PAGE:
I had written about not feeling good enough back in July, and thought I’d revisit the topic. I’ve noticed in between these two posts that feeling like an imposter comes and goes. That feeling has never really left, to be honest. It’s like it’s taken a vacation knowing that it will come back with regained strength.
I’ve been ready for it, though. Just yesterday, I was about to browse through strangers’ LinkedIn profiles fully aware that I would push myself into a downward spiral of guilt and inadequacy – but as soon as I knew what was about to happen, I stopped myself. It was one of the strangest “about to” encounters I’ve ever had with my ego. Yes, I was proud of myself, and that I had come a long way in how I compare myself with others… But I knew deep down that I could be better, and fully rise above that downward spiral and avoid that cliff fall into what we know as the imposter syndrome.
Which brings me to this video of Natalie Portman delivering the commencement address to Harvard graduates. She talks about going through the various stages of life (school and work and the transitions in between) and how she had a nagging feeling about how she wasn’t good enough to be where she was.
We’ve all been there. I had felt the same way when I was in school and other students talked to the professor at the same intellectual level, while I struggled to complete the readings. I had felt the same way when I started any job and saw how much of a family my colleagues had, while I felt like an outsider about to push the boundaries. Whenever these situations arose, I did my best to be as likeable and hard-working as possible. Often, those two things conflicted, especially when it came to my relationships with co-workers and superiors. Achieving a balance only came naturally when I was able to be myself.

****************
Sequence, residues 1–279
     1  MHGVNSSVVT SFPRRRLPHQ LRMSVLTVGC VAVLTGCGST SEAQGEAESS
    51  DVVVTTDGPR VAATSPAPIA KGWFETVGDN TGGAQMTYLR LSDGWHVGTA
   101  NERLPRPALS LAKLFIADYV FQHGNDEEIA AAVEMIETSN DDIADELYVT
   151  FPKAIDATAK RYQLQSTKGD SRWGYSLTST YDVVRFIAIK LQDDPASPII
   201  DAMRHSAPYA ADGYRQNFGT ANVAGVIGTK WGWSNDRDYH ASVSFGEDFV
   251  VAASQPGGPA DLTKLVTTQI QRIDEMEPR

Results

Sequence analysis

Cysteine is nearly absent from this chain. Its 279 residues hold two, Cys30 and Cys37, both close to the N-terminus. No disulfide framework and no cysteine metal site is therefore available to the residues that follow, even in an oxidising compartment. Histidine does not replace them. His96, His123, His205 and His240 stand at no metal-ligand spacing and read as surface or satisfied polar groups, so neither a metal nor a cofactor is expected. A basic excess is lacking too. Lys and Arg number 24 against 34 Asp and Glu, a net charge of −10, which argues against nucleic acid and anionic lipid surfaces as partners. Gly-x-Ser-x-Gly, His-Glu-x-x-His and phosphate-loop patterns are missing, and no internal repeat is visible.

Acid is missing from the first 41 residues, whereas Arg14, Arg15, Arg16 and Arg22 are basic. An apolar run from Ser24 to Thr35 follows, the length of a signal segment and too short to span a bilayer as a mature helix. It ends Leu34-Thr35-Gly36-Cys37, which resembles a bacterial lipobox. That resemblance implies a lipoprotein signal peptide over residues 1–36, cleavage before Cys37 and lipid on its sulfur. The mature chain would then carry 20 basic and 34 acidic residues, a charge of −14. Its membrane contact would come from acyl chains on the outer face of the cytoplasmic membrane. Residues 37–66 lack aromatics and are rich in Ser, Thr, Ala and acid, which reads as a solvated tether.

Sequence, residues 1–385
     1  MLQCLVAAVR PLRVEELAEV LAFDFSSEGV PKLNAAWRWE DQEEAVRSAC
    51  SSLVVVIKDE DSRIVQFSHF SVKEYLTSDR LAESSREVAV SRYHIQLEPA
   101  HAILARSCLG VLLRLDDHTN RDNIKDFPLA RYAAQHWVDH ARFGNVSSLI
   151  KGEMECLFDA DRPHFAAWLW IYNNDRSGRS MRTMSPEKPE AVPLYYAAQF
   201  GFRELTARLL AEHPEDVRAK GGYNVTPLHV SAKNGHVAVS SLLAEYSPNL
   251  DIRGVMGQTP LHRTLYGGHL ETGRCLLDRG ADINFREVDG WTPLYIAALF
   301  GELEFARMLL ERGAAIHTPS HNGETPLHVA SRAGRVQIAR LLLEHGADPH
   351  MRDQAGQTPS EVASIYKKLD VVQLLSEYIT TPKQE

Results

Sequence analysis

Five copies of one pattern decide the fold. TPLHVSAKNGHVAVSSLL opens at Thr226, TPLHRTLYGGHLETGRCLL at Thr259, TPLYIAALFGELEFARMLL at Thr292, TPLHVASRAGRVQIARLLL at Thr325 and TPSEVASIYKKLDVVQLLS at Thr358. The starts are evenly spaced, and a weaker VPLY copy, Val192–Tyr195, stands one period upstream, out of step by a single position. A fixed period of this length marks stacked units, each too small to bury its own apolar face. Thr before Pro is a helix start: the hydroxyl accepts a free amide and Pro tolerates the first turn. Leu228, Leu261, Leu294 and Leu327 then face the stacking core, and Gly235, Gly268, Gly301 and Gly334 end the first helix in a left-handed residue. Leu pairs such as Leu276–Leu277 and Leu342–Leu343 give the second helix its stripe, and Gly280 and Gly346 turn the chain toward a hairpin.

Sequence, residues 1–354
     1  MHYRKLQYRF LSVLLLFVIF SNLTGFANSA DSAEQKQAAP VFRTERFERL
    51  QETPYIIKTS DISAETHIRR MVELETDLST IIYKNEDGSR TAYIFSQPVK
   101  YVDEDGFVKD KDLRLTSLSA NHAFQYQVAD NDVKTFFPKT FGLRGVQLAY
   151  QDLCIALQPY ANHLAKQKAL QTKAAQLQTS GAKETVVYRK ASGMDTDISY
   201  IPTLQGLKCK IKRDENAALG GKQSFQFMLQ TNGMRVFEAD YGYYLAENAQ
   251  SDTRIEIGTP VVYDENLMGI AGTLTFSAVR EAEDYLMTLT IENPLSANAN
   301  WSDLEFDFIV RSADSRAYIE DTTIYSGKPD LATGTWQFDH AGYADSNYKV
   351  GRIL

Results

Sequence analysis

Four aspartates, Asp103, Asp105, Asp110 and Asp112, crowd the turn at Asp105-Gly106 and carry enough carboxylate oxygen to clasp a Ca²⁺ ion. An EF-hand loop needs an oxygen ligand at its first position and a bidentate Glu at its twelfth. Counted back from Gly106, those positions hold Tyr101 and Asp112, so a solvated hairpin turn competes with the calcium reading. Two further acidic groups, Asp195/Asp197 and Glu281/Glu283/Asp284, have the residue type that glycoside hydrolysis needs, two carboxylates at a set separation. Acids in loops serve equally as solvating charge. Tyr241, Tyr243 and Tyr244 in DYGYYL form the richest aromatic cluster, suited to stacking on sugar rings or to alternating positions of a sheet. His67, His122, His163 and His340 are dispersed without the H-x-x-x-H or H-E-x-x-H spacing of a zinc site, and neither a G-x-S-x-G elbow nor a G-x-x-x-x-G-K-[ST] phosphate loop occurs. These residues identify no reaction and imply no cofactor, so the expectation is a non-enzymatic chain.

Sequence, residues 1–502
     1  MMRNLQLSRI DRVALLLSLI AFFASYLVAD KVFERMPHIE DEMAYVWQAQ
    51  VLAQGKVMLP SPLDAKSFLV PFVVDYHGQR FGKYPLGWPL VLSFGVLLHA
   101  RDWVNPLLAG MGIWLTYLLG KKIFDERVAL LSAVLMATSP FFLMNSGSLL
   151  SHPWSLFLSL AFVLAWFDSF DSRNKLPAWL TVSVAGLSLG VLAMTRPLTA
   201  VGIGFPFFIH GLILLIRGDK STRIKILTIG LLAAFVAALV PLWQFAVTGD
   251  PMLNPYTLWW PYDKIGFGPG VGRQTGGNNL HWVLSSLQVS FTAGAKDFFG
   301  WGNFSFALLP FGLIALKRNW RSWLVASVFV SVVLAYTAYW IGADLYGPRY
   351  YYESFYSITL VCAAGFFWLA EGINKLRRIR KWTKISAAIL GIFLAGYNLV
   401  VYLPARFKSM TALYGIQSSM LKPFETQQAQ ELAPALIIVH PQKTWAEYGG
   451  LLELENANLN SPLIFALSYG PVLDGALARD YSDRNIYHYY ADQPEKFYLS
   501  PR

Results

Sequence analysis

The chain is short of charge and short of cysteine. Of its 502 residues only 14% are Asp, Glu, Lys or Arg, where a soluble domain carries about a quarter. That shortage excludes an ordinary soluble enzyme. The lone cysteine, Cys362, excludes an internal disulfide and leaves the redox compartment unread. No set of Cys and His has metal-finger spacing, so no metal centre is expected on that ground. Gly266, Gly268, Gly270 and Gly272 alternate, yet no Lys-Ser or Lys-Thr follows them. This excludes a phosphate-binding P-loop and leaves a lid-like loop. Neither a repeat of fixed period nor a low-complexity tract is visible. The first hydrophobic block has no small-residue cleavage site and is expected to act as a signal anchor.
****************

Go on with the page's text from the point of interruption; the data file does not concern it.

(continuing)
“The only thing you can be the best at is developing your own self.”
This one line from Natalie Portman’s speech really stood out for me. I’ve always thought that being brave enough to be yourself was one of the most spectacular things that a human being could achieve. And developing your own self takes a while – often a lifetime – to accomplish. But is it ever worth it!